Climate Change in Iowa
Presenter: JERRY SCHNOOR, Allen S. Henry Chair in Engineering, University of Iowa College of Engineering
FEBRUARY 7, 2020 -- 11:45 AM-1:00 PM
First Presbyterian Church, Cedar Rapids
Climate change is known to have raised global average temperatures by about 1.6 degrees F and global rainfall rates have also increased. Oceans are warmer, causing more evaporation, while warmer air holds more moisture, causing greater precipitation rates—including intense precipitation events and flooding. But how much has climate change affected weather events in Iowa? We’ll discuss the flooding of the Mississippi and Missouri Rivers in 2019 and the future we may expect in Iowa.
Professor Jerry Schnoor is a member of the U.S. National Academy of Engineering (elected in 1999) for his pioneering work using mathematical models in science policy decisions. He testified several times before Congress on environmental protection, including the importance of passing the 1990 Clean Air Act. From 2003-2014, Jerry served as the Editor-in-Chief of the leading journal Environmental Science and Technology and was the founding Editor-in-Chief of ES&T Letters in 2013-2014. He chaired the Board of Scientific Counselors for the Environmental Protection Agency, Office of Research and Development from 2000-2004; and served on the EPA Science Advisory Board and the National Advisory Environmental Health Sciences Council for NIEHS (2007-2011). From 2007-2009, he served as Chair of the Iowa Climate Change Advisory Council, appointed by Governor Chester Culver.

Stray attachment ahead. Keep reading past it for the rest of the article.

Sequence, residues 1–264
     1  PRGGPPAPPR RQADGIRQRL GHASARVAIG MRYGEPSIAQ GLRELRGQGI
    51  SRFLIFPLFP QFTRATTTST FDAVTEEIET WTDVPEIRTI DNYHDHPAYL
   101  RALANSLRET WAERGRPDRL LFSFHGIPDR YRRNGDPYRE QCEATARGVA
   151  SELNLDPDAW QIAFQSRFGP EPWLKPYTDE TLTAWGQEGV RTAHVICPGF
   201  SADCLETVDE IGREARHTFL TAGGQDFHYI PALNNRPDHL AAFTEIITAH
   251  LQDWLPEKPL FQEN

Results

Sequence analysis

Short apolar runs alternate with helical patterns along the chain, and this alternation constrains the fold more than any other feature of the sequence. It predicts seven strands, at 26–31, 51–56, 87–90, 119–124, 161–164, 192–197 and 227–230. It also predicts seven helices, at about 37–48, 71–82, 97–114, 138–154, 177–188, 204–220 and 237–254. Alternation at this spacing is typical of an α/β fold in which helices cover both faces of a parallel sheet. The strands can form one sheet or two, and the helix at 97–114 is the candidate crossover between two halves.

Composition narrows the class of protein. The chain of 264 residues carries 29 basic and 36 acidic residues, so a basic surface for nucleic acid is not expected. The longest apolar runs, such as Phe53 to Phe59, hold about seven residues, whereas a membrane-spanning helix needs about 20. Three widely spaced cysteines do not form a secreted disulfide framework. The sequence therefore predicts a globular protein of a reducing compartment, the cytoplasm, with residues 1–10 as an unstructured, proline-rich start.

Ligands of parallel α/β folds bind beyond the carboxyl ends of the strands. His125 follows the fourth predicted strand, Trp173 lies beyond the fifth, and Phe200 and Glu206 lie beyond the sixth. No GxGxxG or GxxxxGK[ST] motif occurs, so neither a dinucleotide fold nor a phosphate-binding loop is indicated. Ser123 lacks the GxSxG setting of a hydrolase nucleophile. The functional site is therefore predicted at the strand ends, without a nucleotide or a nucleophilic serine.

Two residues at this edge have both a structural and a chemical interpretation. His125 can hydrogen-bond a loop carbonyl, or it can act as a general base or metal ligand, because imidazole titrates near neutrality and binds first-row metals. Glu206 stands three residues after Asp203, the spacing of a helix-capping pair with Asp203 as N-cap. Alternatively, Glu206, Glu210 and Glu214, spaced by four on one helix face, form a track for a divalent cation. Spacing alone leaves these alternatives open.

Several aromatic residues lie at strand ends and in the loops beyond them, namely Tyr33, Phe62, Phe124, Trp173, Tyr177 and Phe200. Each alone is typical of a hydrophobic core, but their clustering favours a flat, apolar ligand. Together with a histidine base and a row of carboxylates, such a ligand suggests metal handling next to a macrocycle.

In 2010, Jerry received the Simon W. Freese Award from the American Society of Civil Engineers (ASCE) and the Athalie Richardson Irvine Clarke Prize from the National Water Research Institute (NWRI) for his research and leadership in water sustainability. In 2013, he was awarded an Einstein Professorship from the Chinese Academy of Sciences, and in 2015, the Perry L. McCarty AEESP Founders’ Award for sustained and outstanding contributions to environmental engineering education, research, and practice. The American Society of Mechanical Engineers (ASME) presented to Jerry the 2016 Dixy Lee Ray Award “for outstanding achievement in environmental protection through improvements in technology, science, and policy.” Jerry’s mathematical models of acid deposition and water quality, and his research using plants in phytoremediation have been foundational to the field of environmental engineering.
$10 per person (payable at the door) — includes lunch
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Intersections is a monthly gathering of the Interfaith Alliance of Iowa in Cedar Rapids. It's an opportunity to learn, to participate in civil dialogue, and to discuss issues at the intersection of religion and politics.
First Presbyterian Church
Cedar Rapids, IA 52401